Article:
Home              Forum              Forex Rate              Archived Editorials              Contact Us

 




Time to Move the Philippine Jeepney Off the Streets and Into the History Books

One of the more colorful jeepneys of the Philippines

rom its inception, the Philippine jeepney has been a symbol of Pinoy ingenuity. In the war-ravaged streets of newly liberated Manila in 1945, Filipinos were faced with huge public transportation problem. The tram system (tranvia) that used to serve major thoroughfares of the city was completely destroyed; its metal rails uprooted, and the overhead electric cables gone. It was going to take years to put the entire system back in place. However, quick-thinking Pinoys saw that the city had a surplus of U.S. Army jeeps. There were so many jeeps in fact that the Army actually began burying a few just to get rid of them.

That was all the encouragement resourceful Manilenos needed to create the unique Filipino invention we know as the jeepney. At the time, there was no shortage of military jeeps so jeepneys began sprouting everywhere ... transportation problem solved!

For those came up with the idea, the jeepney was simply a stop-gap measure to get Filipinos around the war-ravaged streets of Manila. It was never intended to be a permanent fixture of Philippine public transportation.

The jeepney's garish colors and kitsch decor make it a sight to behold. Blinking colored lights, loud music, and fancy car horn just adds to its pizzaz.

For Filipinos, the ubiquitous jeepney is probably the cheapest way to get around. But like all things in this world, we believe the era of the jeepney unfortunately, must come to an end.

Why the jeepney must go

For starters, according to Wikipedia  "A recent study published in a Metro Manila newspaper compared the fuel use of a 16-passenger jeepney to a 54-passenger air-conditioned bus and found that the fuel consumption for both was the same."  So assuming that the study is accurate, it would take 3.375 jeepneys to move all 54 passengers of one bus. And if the fuel consumption of the Jeepney and the bus are the same as Wikipedia also notes, then a city with jeepneys uses three times as much fuel to move people, than it would if it relied only on buses.  That is one reason why when you go to any developed country in the world, you see buses or trams moving commuters around.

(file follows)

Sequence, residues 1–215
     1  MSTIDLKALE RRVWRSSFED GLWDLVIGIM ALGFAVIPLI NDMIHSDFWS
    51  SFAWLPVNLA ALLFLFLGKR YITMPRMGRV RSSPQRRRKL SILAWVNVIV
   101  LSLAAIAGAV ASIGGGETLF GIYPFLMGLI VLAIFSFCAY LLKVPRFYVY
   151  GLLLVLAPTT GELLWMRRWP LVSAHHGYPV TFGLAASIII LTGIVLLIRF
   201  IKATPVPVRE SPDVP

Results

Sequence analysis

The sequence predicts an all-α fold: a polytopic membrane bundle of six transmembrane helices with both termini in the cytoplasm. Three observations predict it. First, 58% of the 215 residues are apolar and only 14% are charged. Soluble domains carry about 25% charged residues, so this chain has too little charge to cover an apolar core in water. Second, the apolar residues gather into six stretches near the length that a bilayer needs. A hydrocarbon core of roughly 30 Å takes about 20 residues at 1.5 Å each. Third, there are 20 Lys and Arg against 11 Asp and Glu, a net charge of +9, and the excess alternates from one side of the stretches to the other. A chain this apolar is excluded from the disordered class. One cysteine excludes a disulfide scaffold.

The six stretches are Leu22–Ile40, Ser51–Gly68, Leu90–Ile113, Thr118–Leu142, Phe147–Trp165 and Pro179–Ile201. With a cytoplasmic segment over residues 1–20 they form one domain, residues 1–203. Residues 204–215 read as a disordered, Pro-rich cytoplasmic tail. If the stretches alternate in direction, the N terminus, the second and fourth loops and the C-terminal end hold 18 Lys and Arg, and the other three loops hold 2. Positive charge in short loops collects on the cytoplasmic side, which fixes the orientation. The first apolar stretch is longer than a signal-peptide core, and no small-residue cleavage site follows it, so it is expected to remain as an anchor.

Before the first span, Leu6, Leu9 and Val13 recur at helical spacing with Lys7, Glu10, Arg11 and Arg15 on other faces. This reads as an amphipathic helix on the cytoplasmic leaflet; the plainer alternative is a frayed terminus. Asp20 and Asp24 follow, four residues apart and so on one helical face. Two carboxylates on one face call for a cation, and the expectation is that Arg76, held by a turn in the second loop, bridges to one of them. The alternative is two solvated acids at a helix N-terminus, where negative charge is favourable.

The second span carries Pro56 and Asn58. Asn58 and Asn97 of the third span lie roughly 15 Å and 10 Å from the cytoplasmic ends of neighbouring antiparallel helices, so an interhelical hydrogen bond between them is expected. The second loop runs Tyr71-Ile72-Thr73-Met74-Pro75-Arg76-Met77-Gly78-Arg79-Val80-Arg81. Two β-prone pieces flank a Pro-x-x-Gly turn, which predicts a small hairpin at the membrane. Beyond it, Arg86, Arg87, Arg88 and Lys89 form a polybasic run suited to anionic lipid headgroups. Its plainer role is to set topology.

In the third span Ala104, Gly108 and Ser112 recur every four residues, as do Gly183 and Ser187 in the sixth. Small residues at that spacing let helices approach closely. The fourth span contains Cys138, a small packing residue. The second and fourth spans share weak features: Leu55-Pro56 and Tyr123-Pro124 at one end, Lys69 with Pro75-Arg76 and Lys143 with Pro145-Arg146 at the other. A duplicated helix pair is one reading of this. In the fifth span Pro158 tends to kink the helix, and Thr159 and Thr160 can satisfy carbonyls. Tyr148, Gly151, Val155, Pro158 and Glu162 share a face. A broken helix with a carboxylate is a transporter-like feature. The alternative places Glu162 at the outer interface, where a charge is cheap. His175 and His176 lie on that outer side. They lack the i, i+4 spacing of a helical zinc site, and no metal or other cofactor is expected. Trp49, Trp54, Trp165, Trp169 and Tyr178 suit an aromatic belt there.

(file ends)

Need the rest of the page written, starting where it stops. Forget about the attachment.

Secondly, jeepneys exacerbate the problem of overcrowded city streets. You need more of them to carry commuters around. Jeepneys can block traffic as they wait to fill up with passengers. Jeepney drivers weave in and out of traffic as they try overtake other jeepneys in order to be the first to reach waiting passengers up ahead. The cost of scrapes and dings on a jeepney are negligible and their drivers use that fact to cut off other vehicles on the road whose drivers usually yield to avoid costly collision repairs. As far as they're concerned, they're "king of the road" in the Philippines.

Jeepney passengers dangerously cling on to dear life.Thirdly, jeepneys are not safe. Passengers have no safety harnesses and in a rear or head-on collision, passengers are likely to slam into one another. The front windshield of the average jeepney is filled with stickers, trinkets and objects that can block the driver's view of the road. Proper maintenance is left to the discretion of the jeepney's owner or driver. So it is not unusual to see jeepneys with bald tires on the road. Overloading is routinely tolerated by local traffic enforcers. Tired and exhausted riders are allowed to stand clinging to the rear of jeepneys  sometimes with deadly consequences. It would be safe to say that passenger safety and comfort are notions unfamiliar to the jeepney riding public.

And the jeepney driver is constantly distracted by trying to keep tabs of who has paid their fare and who hasn't. On long routes, the driver must compute how much fare should be paid by passengers. How much money they gave and how much change they should get. And if all that is not enough to drive someone up the wall (no pun intended), the jeepney driver has to look out for passengers wanting to get on or off, weave through potholed streets, and avoid all other vehicles on the road. In short a jeepney driver's job as it exists today is an accident waiting to happen. Thank goodness for their ability to multitask that accident rates aren't sky high.  But going forward, this cannot be allowed to continue. The Filipino riding public deserve better ... much better.

Lastly, jeepneys are a significant contributor to the country's greenhouse gasses. The millions of jeepneys most of which are powered by "dirty" surplus diesel engines contribute to the smog that envelopes most major cities in the Philippines. Philippine delegates to climate conferences like to point the finger at developed countries because those countries pollute a lot. But that does not absolve us from being guilty as well. Acting proactively and gradually phasing out the jeepney in favor of more environmentally friendly modes of public transportation like buses and trains, will go a long way in cleaning up our own environment.

Getting jeepneys off the street is long overdue, and must happen, sooner rather than later. The jeepney was a great invention and truly served its purpose. But it has now overstayed its welcome on Philippine streets and must be retired. Like the horse and buggy or the steam locomotive, the jeepney should only be found in museums and not on Philippine roads. Published 11/24/2015


Philnews.com reserves the right to select and edit comments for publication.


You can also post your comments below
via DISQUS





1996 - 2015 PHILNEWS.COM Privacy Policy